Another study published in the journal Pediatrics indicated that whey formula could reduce infantile colic. Infantile colic is described when an infant cries for 3 hours at least 3 times a week for at least 3 weeks. The study showed that babies given whey formula cried at least one hour less per day as compared with babies given cow’s milk.
Builds Muscle Mass
Body builders and athletes are known to take whey protein shakes or supplements as part of their customized diet. This is because the branched-chain amino acid leucine (as already mentioned earlier) acts as a ‘signaling molecule’ to initiate protein synthesis and improve BMI in those who exercise.
Although studies on effect of whey proteins on muscle size and strength are limited, studies show that men engaged in resistance training improved their strength when they were given whey protein supplementation. For example, a study showed that muscular performance in men improved significantly when they were given 10g of whey protein supplements twice daily for 3 months.
Whey protein isolates are very high in proteins (approximately 95 percent) and contain almost no fat and sugars or lactose. This makes it an ideal food if you want to avoid putting on weight.
Further, scientists believe that whey contains calcium which along with other bioactive components in whey increase breakdown of fat cells and reduce formation of fat cells.
Unfortunately, whey proteins with or without calcium can only prevent obesity but do not really have any impact on those who are already obese or overweight.
Interestingly, new studies on whey protein show that inclusion of whey protein in the diet significantly decreases the incidence of colds and cold-related symptoms.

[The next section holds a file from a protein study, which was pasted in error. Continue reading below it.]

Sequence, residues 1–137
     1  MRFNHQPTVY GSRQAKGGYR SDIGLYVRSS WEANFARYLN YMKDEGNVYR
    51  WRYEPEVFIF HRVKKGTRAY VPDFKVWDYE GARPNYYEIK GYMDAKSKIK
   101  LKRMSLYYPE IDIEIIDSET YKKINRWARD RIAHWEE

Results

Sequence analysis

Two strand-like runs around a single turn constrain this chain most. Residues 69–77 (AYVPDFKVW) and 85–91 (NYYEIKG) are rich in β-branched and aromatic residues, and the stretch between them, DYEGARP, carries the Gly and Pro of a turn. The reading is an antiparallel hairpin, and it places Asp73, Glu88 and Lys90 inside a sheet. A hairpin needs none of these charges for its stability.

Researchers from University of Queensland, Australia, suggested a combination of lactoferrin and whey protein Ig fraction (LF /IgF) to be used as preventive supplement for colds.
Reduces Risk of Cardiovascular Disease
High fat diet and the preference for processed foods makes us prone to cardiovascular disease. We know that. We also know that milk must always be a part of a healthy diet.
A study published in the Journal of Dairy Sciences indicated that consuming fermented milk with whey protein concentrate can significantly increase HDL cholesterol, lower triglycerides, and lower systolic blood pressure.
Prevents or Lowers Risk of Diseases / Disorders
Whey proteins contain number of bioactive components that help prevent or lower risk of certain diseases.
For example, whey protein stimulates immunity and detoxifies potential carcinogens, thus preventing cancers.
Similarly, research has shown that whey protein supplementation for 8 weeks had variable effects of hepatitis virus infection.
Glutathione deficiency is one of the problems associated with HIV infection. Research has shown that 2-week oral supplementation of 45g of whey protein daily significantly increased glutathione levels in HIV infected people.
Whey protein increases bone mineral density and thus prevents osteoporosis.
Studies have also shown that whey protein improves cognitive function and coping ability in highly stressed individuals.
Last but not the least, whey protein has a protective effect on stomach lining. Studies have shown that alpha-lactalbumin in whey protein significantly reduces ulcerative lesions.
Side effects of Whey Protein
Whey protein maybe a super food with numerous health benefits but it certainly does have its share of side effects. Moderate amount of whey proteins actually do not show any adverse effects on us but side effects occur when whey protein is consumed in substantial amounts.
If you are allergic to cow milk, you most probably will also be allergic to whey protein.. The allergy is most often caused by beta-lactoglobulin.
Very high doses of whey protein can also cause stomach pains and cramps, reduced appetite, tiredness, headache, and nausea.